of customers would recommend this product to a friend.
Displaying items 1-4 of 4
Page 1 of 1
M Teresa Trascritti
4 Stars Out Of 5
A different perspective on soul care
December 26, 2010
M Teresa Trascritti
This book is an effort to bridge psychology of counseling with "moral-spiritual" issues (249). Powlison believes that "sinners sin instinctively," and though external factors such as having a dysfunctional family or experiencing childhood abuse can contribute to sinful desires or actions in adulthood, his contention is that "sin is its own final reason" (206). People have sinful thoughts or do sinful acts because they are focused on themselves rather than God (230).
Powlison points out that "secular psychology" views "human problems" simply as "things that are not working right," this is because the Bible was not utilized to understand the core issue of all humans, which is their "alienation from God" (192). He explains that if sin is seen as a "willed action" then "complex inner troubles" will be classified under "other categories" (194). In fact, psychiatrists will not explain that a paranoid schizophrenic is yielding to sin, but rather he or she is experiencing a psychosis. Powlison states that paranoid schizophrenia is a "defensive behavior" and actually refers to it as the personification of "powerful unconscious defensiveness" (193). Powlison explains that the underlying issues for schizophrenics are pride and "hiding" (195).
Powlison admits that biblical counselors are seen as "bizarre spiritualizers" because they rely on God, repentance, and faith as their main focus in counseling (251). He speculated that the premise of Jay Adams (the founder of Nouthetic counseling movement) was not fully understood when he said, "to be feeling-oriented is the central motivational problem in people" (215). Powlison believes that the problem with current counseling practices is that the counselor is seen as "primary" while God (if He is even considered at all in the process) is usually "secondary" (178).
This book has helped me to understand the stance of Nouthetic counselors, and to comprehend the reason why they say sin is the core issue of human disorders. However, I did not get a clear indication of Powlison's position regarding psychotropic medications. Powlison's perspective on counseling is a good start in the right direction, but his book does not outline the direction. There is something missing. To counter society's view of biblical counselors as "bizarre spiritualizers," Powlison suggests, "We have work to do to protect and build up the body of Christ" (251). This is not a solution-it is merely a generalized statement. In order for others to see biblical counselors as competent practitioners, they need to find a way to truly bridge the gap between traditional and biblical counseling.
Although the chapters in the book were written as separate articles, the unifying theme of Scripture's sufficiency for counseling was clear and unmistakable. Whether it was a chapter which unearthed the truths of Scripture by thoughtful exposition and application of particular passages, or a chapter with a series of heart-searching, sin-exposing questions, Powlison creatively and persuasively demonstrates how Scripture truly is sufficient for counseling others. Powlison's interaction with psychological, physiological and biological theories of motivation, behavior, counseling and treatment was also very helpful and fair. Although the size and scope of this book required Powlison to often generalize and summarize people, theories and movements, one does not get the impression he is deceitfully stacking the evidence in his favor or guilty of misrepresentation; rather, in laying Biblical truth alongside of popular psychological theory, Powlison demonstrates how any human effort to determine the ultimate cause and solution for people's problems will always, in the final analysis, be insufficient. Finally, in the last chapter, Powlison encourages us toward simplicity. Although people's problems are often complex, the goal of counseling (Christlikeness) and our means of counseling (the truth of Scripture) remain simple. As Powlison points out, Jesus spoke "exceedingly simple words" (253). This does not mean, however, that we are to use the truth of Scripture simplistically. As we have already noted, people's problems are complex - the varieties of problems are as many as there are people in the world, and applying the truth of God's Word to specific people and situations is hard work. We need to be careful we do not turn "heart-searching and life-altering truth into a cookie cutter, pat answer formula and quick fix" (254). This book was both encouraging and helpful. I highly recommend it!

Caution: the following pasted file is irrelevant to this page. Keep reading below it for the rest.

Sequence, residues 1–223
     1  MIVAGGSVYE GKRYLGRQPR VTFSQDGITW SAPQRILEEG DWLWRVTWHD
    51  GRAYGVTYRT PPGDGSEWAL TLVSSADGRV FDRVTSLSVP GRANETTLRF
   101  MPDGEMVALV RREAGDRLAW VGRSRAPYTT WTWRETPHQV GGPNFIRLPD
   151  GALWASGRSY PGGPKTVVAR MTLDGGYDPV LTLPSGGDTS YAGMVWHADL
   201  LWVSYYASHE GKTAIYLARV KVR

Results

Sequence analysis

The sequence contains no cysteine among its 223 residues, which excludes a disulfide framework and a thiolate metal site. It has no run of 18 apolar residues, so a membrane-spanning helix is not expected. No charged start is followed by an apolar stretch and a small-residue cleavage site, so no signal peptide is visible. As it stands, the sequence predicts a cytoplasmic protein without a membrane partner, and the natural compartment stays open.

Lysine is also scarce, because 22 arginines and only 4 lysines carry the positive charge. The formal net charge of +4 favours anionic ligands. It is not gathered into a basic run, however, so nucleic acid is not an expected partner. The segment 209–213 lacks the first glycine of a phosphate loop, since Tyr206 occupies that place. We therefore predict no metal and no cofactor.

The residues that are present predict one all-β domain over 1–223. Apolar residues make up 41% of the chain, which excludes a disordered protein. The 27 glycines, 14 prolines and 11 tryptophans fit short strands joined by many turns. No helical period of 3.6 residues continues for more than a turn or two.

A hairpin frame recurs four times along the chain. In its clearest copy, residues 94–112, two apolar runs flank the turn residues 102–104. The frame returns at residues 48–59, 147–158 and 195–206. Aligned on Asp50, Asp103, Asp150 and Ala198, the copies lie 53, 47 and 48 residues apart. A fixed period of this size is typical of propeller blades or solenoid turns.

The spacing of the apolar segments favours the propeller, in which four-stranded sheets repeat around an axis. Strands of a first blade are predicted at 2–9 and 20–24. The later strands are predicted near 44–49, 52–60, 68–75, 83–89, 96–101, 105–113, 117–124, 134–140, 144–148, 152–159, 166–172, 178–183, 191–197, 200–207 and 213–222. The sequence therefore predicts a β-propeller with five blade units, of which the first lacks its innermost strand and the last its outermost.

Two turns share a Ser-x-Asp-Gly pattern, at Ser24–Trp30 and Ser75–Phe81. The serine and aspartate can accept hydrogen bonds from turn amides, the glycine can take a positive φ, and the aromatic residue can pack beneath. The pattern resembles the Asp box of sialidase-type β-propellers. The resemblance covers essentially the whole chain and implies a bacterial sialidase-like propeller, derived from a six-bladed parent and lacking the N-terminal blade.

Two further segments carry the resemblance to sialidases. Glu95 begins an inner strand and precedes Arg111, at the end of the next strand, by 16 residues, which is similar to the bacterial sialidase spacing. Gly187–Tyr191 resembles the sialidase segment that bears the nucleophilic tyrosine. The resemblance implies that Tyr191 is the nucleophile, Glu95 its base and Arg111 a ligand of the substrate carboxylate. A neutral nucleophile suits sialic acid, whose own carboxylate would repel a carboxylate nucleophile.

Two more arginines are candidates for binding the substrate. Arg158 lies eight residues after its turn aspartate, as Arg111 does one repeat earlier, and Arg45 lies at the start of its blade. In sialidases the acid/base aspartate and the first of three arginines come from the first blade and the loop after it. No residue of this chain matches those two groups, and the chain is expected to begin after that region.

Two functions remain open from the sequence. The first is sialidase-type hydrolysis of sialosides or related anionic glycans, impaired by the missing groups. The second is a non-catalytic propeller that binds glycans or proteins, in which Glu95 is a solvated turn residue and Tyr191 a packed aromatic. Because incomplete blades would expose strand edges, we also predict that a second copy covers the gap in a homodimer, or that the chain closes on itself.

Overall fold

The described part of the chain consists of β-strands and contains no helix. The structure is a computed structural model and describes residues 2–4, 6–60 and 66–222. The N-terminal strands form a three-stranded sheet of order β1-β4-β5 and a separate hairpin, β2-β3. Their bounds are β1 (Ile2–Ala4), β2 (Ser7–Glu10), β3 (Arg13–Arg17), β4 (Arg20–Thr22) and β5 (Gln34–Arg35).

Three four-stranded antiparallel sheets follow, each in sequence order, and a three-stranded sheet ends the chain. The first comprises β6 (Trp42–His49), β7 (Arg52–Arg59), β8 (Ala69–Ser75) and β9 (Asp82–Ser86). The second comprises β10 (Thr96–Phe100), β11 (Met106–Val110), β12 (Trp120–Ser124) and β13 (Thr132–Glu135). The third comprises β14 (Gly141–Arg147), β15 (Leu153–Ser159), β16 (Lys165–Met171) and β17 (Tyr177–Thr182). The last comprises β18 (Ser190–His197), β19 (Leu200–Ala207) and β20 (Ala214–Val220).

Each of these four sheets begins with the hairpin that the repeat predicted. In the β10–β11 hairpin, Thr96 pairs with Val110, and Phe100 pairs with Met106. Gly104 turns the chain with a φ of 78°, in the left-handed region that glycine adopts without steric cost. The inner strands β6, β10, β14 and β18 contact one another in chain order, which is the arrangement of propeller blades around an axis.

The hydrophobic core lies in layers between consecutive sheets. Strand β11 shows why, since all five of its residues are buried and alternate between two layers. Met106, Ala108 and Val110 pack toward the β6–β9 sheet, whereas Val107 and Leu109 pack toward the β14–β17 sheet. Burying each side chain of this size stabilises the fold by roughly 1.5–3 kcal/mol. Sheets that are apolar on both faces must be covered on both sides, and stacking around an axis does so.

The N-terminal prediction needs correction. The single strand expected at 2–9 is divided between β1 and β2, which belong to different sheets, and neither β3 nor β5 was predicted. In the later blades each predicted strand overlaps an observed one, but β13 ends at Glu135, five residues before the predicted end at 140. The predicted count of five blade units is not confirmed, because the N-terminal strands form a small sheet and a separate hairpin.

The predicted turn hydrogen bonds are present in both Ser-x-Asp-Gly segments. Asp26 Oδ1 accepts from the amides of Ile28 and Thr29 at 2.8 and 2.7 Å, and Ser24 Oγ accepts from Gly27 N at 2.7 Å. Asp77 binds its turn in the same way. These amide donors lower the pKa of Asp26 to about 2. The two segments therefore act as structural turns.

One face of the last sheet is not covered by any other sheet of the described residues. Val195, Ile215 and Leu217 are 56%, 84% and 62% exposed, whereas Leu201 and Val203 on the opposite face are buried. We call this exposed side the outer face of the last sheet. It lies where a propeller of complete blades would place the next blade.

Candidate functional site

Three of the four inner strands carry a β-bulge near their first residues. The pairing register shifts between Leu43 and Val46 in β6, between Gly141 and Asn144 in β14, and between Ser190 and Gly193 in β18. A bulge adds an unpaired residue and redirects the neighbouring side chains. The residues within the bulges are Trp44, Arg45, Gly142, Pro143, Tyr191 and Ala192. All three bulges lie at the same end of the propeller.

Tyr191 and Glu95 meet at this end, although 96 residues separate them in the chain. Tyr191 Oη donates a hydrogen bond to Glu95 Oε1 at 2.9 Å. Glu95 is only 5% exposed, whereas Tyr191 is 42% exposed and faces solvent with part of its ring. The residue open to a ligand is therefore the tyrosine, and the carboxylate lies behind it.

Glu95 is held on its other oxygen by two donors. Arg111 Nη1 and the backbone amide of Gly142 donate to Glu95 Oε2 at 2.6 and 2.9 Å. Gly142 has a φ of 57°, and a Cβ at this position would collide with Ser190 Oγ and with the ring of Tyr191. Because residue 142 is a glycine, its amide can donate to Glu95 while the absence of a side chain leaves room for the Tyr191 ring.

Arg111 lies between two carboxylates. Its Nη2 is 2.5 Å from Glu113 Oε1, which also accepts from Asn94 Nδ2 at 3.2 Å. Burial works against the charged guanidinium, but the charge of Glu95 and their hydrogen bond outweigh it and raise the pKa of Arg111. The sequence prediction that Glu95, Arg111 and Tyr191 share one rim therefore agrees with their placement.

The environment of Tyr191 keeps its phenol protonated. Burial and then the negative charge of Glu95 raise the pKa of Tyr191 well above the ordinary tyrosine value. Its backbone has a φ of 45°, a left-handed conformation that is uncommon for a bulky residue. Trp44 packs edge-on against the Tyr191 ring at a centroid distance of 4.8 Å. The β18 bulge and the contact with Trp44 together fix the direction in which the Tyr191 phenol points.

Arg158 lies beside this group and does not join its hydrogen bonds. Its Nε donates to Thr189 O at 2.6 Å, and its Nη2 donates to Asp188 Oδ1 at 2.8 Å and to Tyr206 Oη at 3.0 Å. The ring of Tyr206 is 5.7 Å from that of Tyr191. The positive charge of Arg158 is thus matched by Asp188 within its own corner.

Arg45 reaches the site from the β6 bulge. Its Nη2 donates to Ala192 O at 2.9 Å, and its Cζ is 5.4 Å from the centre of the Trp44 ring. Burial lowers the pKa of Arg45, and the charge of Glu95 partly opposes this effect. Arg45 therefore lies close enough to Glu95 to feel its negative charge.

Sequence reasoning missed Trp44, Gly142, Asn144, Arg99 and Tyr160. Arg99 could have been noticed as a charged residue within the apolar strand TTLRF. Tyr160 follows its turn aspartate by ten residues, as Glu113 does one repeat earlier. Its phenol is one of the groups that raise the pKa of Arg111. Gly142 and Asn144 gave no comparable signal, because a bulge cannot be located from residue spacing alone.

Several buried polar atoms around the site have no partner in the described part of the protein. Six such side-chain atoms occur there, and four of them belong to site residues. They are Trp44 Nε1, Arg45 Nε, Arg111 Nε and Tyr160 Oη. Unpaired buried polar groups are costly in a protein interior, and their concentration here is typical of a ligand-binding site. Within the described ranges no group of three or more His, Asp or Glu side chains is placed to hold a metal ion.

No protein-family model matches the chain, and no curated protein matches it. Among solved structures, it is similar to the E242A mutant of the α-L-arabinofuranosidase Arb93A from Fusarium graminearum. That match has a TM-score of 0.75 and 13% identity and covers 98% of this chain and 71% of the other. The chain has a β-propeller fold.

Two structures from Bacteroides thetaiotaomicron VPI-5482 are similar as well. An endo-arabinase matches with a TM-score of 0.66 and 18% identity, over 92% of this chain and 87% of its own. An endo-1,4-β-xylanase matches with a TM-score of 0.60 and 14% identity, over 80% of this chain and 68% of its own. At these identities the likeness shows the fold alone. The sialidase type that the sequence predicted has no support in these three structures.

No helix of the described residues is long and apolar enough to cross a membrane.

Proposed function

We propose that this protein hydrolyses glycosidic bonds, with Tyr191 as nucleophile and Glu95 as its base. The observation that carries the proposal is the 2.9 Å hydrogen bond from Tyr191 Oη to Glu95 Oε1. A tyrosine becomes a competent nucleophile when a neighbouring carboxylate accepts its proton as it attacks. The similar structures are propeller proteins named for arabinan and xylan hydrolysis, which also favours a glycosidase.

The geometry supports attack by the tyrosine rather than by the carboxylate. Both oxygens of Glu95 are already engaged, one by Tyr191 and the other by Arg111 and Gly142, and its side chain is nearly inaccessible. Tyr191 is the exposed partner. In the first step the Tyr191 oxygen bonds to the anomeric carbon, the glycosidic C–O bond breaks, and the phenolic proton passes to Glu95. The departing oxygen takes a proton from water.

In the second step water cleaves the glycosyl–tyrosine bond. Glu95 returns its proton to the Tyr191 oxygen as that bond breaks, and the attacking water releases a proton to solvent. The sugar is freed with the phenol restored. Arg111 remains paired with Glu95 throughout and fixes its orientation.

I'd highly recommended this book for every Christian counselor, and anyone else who wants to apply the truth of scripture to the details of life. In the chapter on Psalm 131 Powlison shows how looking at its antithesis, (sort of a photographic negative) is helpful in understanding what needs to be put off in order to come to the peacefulness described by the psalmist. It's a very creative reading and counseling tool and he describes it beautifully. This is just one of the many ideas included in Seeing with New Eyes. There are also three chapters on counseling from Ephesians, and chapters covering ways we need to examine secular counseling using the lens of scripture. David Powlison covers a lot of ground in this book. I'm sure I'll read it a few more times.
If your looking to obtain more information on TRUE biblical counseling, I agree with CJ Mahaney in that this book is a must for those who desire to point either themselves or others to the Cross of Christ Jesus. I was so fired up about this book and highly recommend it. Powlison has done it again. Thank you for your gifts David!